China seeks to woo foreign firms as tensions with West swirl

By Joe Cash and Shuyan Wang

BOAO, China (Reuters) -Chinese Premier Li Qiang said on Thursday that he was committed to opening up and reforming the world’s second-largest economy, seeking to win over foreign investors even as trade and geopolitical tensions with the West loom large.

His keynote speech, delivered at a business and political summit in the island province of Hainan, came in a week Beijing has mounted a charm offensive on overseas firms as it seeks to shore up an economy battered by years of pandemic restrictions.

But the prospects for a speedy recovery are clouded by strained relations with the U.S. and its allies over issues including its cosy ties with Russia, muscular stance towards Taiwan and fears about its use of sensitive technologies.

“No matter what changes take place in the world, we will always adhere to reform and opening up…We will introduce a series of new measures in expanding market access and optimising the business environment,” Li, who took office this month, told the panel at the annual Boao Forum.

“A confident, open, and willing to share China must be a huge force for world prosperity and stability,” he said.

Li, who spoke alongside the prime ministers of Malaysia, Singapore and Spain, earlier this week told a group of foreign executives, including Apple Inc’s Tim Cook, at a summit in Beijing that China was “unswervingly” committed to opening up.

In his maiden speech after he took office, Li pledged to ease a sweeping regulatory crackdown and support private enterprises. In a sign that stance may already be bearing fruit, Chinese e-commerce giant Alibaba Group announced this week it was planning to break up its empire and explore several fundraisings or listings.

But three years of rigid border controls and a series of sweeping lockdowns during the pandemic have sapped business confidence in China, especially among foreign firms, according to sentiment surveys.

Those COVID curbs were abruptly dropped in December, and Li said on Thursday there were signs a recovery was starting to take hold.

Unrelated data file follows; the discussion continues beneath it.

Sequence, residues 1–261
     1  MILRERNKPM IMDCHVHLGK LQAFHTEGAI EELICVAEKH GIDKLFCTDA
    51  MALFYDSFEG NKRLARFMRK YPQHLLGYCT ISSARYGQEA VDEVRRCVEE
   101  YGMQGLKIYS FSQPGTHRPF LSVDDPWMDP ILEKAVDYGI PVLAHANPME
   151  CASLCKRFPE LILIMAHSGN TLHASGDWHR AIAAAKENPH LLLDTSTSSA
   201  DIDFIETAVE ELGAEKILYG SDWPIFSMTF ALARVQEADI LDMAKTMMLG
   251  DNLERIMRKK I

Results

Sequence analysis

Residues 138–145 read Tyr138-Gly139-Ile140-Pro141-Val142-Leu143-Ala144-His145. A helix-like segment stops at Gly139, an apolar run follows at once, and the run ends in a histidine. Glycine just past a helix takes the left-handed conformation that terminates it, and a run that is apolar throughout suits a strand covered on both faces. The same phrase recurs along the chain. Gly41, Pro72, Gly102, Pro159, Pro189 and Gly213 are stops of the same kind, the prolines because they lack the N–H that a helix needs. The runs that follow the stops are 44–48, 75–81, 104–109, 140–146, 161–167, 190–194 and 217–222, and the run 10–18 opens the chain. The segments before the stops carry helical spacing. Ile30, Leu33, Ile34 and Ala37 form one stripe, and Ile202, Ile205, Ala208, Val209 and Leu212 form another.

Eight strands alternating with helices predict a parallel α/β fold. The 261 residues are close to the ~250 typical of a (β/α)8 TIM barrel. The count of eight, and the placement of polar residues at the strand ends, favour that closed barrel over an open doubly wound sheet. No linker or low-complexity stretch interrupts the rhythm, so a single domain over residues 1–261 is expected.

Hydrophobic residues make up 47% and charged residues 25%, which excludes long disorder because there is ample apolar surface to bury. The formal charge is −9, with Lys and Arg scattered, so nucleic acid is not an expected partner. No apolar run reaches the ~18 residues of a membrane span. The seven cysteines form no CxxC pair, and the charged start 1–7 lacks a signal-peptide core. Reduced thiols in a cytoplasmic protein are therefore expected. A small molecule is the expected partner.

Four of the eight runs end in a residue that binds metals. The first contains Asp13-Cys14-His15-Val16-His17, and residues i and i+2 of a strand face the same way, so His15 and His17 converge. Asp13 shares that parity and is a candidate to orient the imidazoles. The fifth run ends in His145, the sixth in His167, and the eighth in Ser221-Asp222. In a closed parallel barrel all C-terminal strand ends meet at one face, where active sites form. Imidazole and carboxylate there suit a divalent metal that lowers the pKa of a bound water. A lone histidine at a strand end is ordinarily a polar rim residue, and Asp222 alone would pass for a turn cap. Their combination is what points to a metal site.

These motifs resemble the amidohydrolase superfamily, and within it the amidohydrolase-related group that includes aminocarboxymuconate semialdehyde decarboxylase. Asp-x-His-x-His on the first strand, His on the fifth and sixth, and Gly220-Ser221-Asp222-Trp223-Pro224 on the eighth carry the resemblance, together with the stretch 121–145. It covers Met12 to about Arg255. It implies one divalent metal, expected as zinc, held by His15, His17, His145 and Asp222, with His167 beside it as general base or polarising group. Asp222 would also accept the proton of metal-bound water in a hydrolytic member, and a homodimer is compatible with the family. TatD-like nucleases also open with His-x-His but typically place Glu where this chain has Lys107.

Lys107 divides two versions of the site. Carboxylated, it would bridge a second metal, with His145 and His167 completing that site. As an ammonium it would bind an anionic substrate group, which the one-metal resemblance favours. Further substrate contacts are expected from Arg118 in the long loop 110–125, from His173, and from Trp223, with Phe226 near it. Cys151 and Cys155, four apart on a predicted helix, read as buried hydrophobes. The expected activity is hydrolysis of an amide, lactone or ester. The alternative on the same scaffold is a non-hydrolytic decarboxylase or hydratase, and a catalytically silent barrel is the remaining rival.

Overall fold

“Judging from the situation in March, it’s better than in January and February. In particular, major economic indicators such as consumption and investment continue to improve, while employment and prices are generally stable,” Li said.

China has set itself a modest target for gross domestic product growth of around 5% this year, after significantly missing its target for 2022. That is lower than what the International Monetary Fund and some private forecasters think it can achieve.

For some at the conference, Li’s message to business did not go unnoticed.

“I see a lot more determination in conveying the message that China is indeed back open for business,” said Denis Depoux, global managing director at consultancy Roland Berger.


But there were also cautionary notes.

In veiled comments aimed at the United States, which is working with its allies to stymie China’s access to advanced technologies such as microchips, Li said Beijing opposed trade protectionism and decoupling.

Speaking on the same panel, Spanish Prime Minister Pedro Sanchez said protectionism would represent “a return to the past” and damage relations between China and Europe.

But hours after his speech, the European Commission said it was examining measures to control outbound investment to prevent certain sensitive technologies going to rivals such as China.

Li’s attempt to win over business also comes at a time of fierce rhetoric with the United States, its biggest export market.

Taiwan, the democratically ruled island that China claims as its territory, has been a particular bone of contention.

In the latest escalation, Taiwan President Tsai Ing-wen arrived in New York on Wednesday for the first of two U.S stopovers that Beijing has called provocative.

In his speech, Li said “chaos and conflicts” must not happen in Asia and that China would act as an “anchor” for global peace.

(Reporting by Joe Cash and Shuyan Wang; Writing by Kevin Yao and John Geddie; Editing by Christian Schmollinger, Michael Perry and Sharon Singleton)